With Saturday’s win over No. 16 Miami, the Virginia Cavalier football team scored their first upset over a ranked since taking down Louisville in 2014. In fact, it was the first top-20 win for the Hoos since defeating No. 12 Georgia Tech in 2011. While place kicker Brian Delaney earned the honor of “breaking the rock” for his perfect 3-for-3 day on field goals (including a bomb from 46 yards), the Virginia defense stole the show by smothering the Hurricanes.
The Cavaliers held Miami to just 14 yards in the first quarter and gave up just one touchdown—their lone offensive touchdown surrendered by the Hoos in their three home games this season—to the visiting Canes.
Virginia’s defense held Miami to only two three-and-outs in the game, but twice turned the Canes over on downs and intercepted three passes. The Hoos set the tone of the game early, stuffing Miami quarterback N’Kosi Perry on a 4th-and-2 attempt at the Virginia 49-yard line on the Canes’ first offensive possession of the game (and following a brutal Bryce Perkins interception). Miami tried again on their first drive of the second half, electing to go for it on 4th-and-1 from the Virginia 24-yard line with the Hoos holding on to a 13-6 lead. Malcolm Cook and Charles Snowden came up big, turning UM running back Trayone Gray parallel to the line to gain and keeping the Hurricanes off the scoreboard yet again.
Juan Thornhill, who earned national and conference accolades for his stellar performance on Saturday, racked up 86 yards in return yardage on his two interceptions. Joey Blount picked off a pass of his own.
And yet, despite all those amazing accomplishments, one play stands out above all the others.
With just under 5:30 left in the first half, Malik Rosier—Miami’s second QB of the half—handed the ball off to running back Travis Homer. He hit a hole with a burst, and rattled off Miami’s biggest offensive play of the game. Homer looked like he was destined for the end zone, so much so that Virginia Sports Radio’s play-by-play man, Dave Koehn, declared Homer “gone”.
Virginia’s Bryce Hall made sure that wasn’t the case, catching up to Homer and shoving him out of bounds at the 15-yard line after a 70 yard gain. The play reads matter-of-factly in the box score:
Homer, T rush for 70 yards to the VA15, 1ST DOWN UM, out-of-bounds (Hall, B).
Whoooooo boy, you have to see it, though. “Out-of bounds (Hall, B)” just doesn’t do it justice.
Love the vision and initial burst here from Miami RB Travis Homer but check out this effort from Virginia CB Bryce Hall. Dude chases him down playing boundary corner on the opposite side of the field. Hall has been one of the most competitive football players I've seen this year. pic.twitter.com/AIwD3kcAfs— Joe Marino (@TheJoeMarino) October 14, 2018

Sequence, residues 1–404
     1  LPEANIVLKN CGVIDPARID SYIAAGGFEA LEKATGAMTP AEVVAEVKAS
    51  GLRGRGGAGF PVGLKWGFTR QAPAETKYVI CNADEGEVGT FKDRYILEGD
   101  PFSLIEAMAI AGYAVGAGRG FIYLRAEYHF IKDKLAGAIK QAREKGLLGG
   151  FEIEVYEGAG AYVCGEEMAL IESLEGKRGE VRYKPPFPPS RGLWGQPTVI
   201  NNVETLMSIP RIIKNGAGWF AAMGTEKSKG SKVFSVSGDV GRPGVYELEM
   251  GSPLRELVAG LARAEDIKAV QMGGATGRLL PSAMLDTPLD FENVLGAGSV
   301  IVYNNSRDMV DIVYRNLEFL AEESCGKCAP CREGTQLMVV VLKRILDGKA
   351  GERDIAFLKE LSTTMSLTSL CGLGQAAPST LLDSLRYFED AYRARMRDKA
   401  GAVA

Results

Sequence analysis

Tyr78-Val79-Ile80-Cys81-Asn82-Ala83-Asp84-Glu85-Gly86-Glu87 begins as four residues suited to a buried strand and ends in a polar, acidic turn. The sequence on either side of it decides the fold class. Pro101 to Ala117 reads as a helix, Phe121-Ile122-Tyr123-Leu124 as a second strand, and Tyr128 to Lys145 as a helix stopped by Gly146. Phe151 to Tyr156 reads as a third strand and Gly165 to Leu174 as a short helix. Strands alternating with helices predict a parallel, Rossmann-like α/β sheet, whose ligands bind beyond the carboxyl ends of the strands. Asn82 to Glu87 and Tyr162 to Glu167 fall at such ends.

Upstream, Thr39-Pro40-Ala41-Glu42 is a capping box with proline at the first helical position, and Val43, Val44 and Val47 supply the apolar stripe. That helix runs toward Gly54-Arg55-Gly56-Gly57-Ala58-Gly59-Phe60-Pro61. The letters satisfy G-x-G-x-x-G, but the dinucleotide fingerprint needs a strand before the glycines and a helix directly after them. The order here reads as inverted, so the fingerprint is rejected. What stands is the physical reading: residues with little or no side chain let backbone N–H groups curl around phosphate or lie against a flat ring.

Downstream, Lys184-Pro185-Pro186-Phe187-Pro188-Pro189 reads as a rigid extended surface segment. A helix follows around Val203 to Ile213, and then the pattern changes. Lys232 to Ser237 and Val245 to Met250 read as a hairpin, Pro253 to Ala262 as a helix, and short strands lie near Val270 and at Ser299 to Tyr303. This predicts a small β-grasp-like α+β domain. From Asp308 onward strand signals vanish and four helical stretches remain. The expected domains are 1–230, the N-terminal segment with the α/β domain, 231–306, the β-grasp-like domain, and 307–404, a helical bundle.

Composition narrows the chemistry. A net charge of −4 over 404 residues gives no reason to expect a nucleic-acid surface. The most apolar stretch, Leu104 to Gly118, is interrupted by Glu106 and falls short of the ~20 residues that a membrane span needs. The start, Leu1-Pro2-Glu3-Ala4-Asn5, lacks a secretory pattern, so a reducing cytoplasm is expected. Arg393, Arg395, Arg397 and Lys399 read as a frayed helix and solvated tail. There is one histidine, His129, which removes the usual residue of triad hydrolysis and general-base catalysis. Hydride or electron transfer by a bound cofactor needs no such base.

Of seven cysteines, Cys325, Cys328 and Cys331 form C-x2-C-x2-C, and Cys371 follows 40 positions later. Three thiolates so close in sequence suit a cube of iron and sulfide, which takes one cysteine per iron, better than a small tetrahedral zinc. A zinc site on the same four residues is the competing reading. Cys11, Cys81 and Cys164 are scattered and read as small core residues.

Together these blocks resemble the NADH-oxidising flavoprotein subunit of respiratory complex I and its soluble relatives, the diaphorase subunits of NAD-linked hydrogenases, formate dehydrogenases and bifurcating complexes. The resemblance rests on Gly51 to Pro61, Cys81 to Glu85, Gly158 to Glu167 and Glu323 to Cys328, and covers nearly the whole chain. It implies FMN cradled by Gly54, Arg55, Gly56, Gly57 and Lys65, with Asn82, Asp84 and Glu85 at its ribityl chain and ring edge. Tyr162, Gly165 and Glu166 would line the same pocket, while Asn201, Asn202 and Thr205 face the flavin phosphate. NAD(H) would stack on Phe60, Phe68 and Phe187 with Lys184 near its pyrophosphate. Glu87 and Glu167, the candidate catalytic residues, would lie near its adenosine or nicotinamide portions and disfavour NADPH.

Hall, who is outfitted with a Catapult monitoring system, reached 22 miles per hour on the play. Virginia’s Director of Football Development & Performance Shawn Griswold described it perfectly, saying, “We knew he was fast, just not that fast as seen with our Catapult device. It’s impressive to see with the naked eye and confirmed with data to match that he was really moving along.”
How fast was @BryceHall11 running when he caught the Miami ball carrier and prevented a touchdown? The Catapult monitoring system he was wearing clocked him at ... 2⃣2⃣ mph pic.twitter.com/LWyv0VjvXR— Virginia Football (@UVAFootball) October 15, 2018
How fast is 22 miles per hour? That would put him very close to the top when looking at the fastest speeds reached in the NFL last season. Per the New York Times, Dallas Cowboy safety Byron Jones recorded the fastest speed of the season at 22.11 mph. Leonard Fournette of the Jaguars topped out at 22.05 mph. Only Malcolm Butler (of the New England Patriots) also reached the 22 mph benchmark with a 22.07.
“I have not been a part of a play in person like that before,” Griswold said. “That was impressive to watch live and certainly impressive to see on tape. The choice to attack the play and the will to give total effort can be seen.”
The play, while impressive, was also incredibly important in the grand scheme of things. After that stop, Miami rushed for gains of one and four yards on first and second down, respectively. Rosier’s third down pass fell incomplete, and the Hurricanes settled for a field goal that made it 10-6. The Hoos used the remaining 3:11 of the half to drive 46 yards and set up Delaney for his 46-yarder that gave Virginia a seven point halftime advantage.
Griswold, who is in his first season with the Cavaliers, is impressed with Hall’s effort day in and day out. “He’s a very gifted athlete that puts in countless hours above and beyond the daily routine with football staff and strength staff,” Griswold stated. “He can be seen in the weight room working on mobility at 5:45am before meetings, and in the evenings watching more film in preparation to the next opponent.”
That next opponent is a formidable one as the Hoos head to Durham to face the 5-1 Duke Blue Devils. The game has huge implications in the ACC Coastal division, which is now extremely within the grasp of the Cavaliers. Hall’s ability to break up passes—he has a team leading 11 pass break ups on the season—will be critical as Virginia tries to slow down Duke’s QB Daniel Jones.
It’ll take more of what makes Hall tick, or, “hard work, dedication, total effort and being committed,” as Griswold puts it.
Virginia at Duke kicks at 12:20pm on Saturday and will be broadcast on ACC Regional Sports Networks.